Wednesday, 3 January 2018

Review: Tangleweed and Brine - Deirdre Sullivan

A collection of thirteen dark, feminist retellings of traditional fairytales from one of Ireland's leading writers for young people.

In the tradition of Angela Carter, stories such as Cinderella and Rumpelstiltskin are given a witchy makeover, not for the faint-hearted.

Intricately illustrated with black and white line drawings, in the style of Aubrey Beardsley, by a new Irish illustrator Karen Vaughan.

Visit Deirdre Sullivan's website for more information

Review:
Tangleweed and Brine is a collection of thirteen feminist fairytale retellings written by Deirdre Sullivan and beautifully illustrated by Karen Vaughan. Even as an ebook it's a gorgeous book but I really think I'm going to have to invest in a hardback copy for my library.

These stories aren't always easy to read, just like traditional fairytales they're dark and sometimes disturbing, they definitely don't have the Disney happy endings we've grown so used to these days! In fact you'll probably find some of these stories are now even darker than the original versions but they're very reflective of the way women were treated at the time the originals were written and they feel very true because of that. These stories don't all have happy endings for the female characters but some of the girls manage to find their own path and take revenge on the people who wronged them which I loved.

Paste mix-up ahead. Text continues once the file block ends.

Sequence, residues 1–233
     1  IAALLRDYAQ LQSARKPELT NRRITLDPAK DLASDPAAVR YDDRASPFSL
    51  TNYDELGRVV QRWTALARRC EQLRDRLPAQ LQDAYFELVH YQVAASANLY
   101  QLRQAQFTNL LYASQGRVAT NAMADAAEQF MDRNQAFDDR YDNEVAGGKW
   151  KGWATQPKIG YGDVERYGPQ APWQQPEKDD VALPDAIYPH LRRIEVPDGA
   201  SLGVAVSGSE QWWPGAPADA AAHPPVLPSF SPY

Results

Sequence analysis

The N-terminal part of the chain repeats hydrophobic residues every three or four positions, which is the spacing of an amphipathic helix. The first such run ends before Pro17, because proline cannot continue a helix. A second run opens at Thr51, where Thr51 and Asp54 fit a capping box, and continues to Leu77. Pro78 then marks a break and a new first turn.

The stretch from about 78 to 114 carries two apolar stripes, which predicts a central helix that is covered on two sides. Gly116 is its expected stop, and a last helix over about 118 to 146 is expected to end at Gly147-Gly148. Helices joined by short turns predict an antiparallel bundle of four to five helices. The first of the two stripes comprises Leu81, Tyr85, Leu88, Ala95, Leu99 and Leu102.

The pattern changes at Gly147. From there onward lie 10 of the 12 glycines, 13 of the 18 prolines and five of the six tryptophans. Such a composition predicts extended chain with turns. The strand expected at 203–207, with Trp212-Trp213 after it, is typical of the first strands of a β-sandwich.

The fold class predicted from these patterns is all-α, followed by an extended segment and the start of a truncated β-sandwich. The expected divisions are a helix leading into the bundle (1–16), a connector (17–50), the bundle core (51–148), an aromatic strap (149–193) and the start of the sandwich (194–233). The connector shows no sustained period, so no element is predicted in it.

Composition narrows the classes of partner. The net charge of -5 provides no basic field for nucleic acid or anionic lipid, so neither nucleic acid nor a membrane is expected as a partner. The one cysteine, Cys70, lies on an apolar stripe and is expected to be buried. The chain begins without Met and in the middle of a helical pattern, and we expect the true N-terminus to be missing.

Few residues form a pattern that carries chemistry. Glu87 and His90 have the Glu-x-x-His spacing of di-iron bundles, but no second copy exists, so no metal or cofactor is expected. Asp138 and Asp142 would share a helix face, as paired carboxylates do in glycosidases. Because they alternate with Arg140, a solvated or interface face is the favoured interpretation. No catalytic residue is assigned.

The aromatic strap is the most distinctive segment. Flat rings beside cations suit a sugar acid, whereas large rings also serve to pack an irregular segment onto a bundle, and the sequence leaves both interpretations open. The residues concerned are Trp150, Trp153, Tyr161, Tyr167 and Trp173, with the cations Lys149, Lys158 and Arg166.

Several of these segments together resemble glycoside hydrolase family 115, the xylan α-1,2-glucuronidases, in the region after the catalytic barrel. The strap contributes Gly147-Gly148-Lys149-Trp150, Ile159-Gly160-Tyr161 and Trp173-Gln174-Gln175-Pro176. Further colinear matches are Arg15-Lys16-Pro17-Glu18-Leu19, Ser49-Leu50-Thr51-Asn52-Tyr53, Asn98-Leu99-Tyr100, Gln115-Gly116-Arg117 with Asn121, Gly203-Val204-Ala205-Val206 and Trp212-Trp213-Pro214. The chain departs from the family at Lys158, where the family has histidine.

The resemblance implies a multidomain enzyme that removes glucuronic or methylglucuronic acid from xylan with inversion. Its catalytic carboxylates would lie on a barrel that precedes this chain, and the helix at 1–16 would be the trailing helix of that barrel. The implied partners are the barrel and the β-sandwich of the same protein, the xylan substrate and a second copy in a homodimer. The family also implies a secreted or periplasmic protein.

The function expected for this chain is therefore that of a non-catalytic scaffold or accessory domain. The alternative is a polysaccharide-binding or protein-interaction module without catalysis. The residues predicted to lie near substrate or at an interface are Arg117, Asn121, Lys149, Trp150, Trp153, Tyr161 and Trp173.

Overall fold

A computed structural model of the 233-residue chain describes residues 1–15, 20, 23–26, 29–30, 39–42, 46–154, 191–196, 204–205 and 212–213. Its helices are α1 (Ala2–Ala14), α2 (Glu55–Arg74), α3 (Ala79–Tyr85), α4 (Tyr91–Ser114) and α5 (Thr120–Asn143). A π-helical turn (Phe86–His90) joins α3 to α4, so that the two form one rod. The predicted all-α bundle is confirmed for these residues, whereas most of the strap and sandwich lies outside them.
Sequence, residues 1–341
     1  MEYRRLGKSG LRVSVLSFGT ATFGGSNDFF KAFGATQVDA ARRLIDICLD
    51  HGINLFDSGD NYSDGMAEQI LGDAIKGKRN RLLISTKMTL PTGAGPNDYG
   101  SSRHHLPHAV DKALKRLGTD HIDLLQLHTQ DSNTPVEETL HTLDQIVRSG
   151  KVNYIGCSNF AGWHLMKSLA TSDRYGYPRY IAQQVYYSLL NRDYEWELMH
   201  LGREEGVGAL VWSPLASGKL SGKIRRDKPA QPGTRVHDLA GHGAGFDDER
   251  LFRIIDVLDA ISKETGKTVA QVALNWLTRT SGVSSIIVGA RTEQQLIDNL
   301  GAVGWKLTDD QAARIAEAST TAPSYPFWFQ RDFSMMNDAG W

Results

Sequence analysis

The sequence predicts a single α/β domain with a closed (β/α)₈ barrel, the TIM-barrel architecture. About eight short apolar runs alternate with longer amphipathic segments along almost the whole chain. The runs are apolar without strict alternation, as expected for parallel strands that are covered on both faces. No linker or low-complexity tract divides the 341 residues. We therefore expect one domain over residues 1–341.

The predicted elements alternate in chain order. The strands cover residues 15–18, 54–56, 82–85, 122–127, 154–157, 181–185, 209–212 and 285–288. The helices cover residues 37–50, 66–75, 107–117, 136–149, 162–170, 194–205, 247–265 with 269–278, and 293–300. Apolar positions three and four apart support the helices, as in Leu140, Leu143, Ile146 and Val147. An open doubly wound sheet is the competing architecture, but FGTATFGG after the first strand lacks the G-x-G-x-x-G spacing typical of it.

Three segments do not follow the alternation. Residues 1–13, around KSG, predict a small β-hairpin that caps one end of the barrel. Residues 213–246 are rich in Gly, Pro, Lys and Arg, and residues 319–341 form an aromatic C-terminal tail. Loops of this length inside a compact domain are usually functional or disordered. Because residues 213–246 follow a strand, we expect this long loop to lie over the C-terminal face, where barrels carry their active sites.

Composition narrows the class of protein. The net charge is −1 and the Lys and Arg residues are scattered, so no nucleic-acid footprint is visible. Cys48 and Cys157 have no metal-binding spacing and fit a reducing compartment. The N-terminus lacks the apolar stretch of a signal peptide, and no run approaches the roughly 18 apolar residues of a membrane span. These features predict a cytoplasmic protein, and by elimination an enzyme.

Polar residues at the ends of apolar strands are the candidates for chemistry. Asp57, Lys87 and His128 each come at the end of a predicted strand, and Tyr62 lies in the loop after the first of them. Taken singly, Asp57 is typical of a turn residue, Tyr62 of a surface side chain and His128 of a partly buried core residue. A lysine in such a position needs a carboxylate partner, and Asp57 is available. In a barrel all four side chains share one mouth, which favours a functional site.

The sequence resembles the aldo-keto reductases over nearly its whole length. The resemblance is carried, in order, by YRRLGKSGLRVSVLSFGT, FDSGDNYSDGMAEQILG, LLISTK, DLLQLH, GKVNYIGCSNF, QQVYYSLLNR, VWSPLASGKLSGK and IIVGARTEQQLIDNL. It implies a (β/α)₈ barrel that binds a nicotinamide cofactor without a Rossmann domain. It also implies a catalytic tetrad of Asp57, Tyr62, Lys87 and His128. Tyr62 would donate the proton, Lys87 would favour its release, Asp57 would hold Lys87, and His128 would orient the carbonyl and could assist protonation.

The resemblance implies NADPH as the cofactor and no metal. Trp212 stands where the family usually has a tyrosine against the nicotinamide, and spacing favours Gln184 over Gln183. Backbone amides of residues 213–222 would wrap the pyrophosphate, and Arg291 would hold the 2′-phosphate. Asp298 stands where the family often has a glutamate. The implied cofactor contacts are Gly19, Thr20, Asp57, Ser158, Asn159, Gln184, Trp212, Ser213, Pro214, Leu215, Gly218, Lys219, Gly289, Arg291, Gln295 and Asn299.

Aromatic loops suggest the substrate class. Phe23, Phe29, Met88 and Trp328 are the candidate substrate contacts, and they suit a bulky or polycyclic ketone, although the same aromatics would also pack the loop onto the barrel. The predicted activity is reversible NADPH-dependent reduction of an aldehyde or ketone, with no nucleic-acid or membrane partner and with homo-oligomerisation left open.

In case you're interested here's a list of the stories included (and the original tale they're based on):
1. Slippershod (Cinderella)
2. The Woodcutter's Bride (Little Red Riding Hood)
3. Come Live Here and be Loved (Rapunzel)
4. You Shall Not Suffer... (Hansel and Gretel)
5. Meet the Nameless Thing and call it Friend (Rumplestiltskin)
6. Sister Fair (Fair, Brown and Trembling)
7. Ash Pale (Snow White)
8. Consume or be Consumed (A Little Mermaid)
9. Doing Well (The Frog Prince)
10. The Tender Weight (Bluebeard)
11. Riverbed (Donkeyskin)
12. The Little Gift (The Goose Girl)
13. Beauty and the Board (Beauty and the Beast)

It's hard to pick a favourite story but I think it would probably have to be either Riverbed for sheer creep factor and the brilliant ending or The Little Gift which adds a lesbian romance to the tale of The Goose Girl.

Just one of the gorgeous illustrations you'll find in this book,
this one is from The Little Gift.

Source: Received from Little Island Books in exchange for an honest review

Other reviews of this book:
If you have reviewed this book on your blog please leave a link to your review in the comments & I'll add the link here.

Hardback / Kindle:

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